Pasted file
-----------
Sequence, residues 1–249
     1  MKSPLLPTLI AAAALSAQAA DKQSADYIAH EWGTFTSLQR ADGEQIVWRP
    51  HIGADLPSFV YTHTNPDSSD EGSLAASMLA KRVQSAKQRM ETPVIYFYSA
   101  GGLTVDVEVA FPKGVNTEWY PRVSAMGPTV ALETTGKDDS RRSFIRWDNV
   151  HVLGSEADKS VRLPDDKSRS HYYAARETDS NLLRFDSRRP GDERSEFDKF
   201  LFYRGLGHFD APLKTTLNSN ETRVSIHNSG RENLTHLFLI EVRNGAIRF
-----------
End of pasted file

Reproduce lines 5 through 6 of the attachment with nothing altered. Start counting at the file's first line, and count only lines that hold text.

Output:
   151  HVLGSEADKS VRLPDDKSRS HYYAARETDS NLLRFDSRRP GDERSEFDKF
   201  LFYRGLGHFD APLKTTLNSN ETRVSIHNSG RENLTHLFLI EVRNGAIRF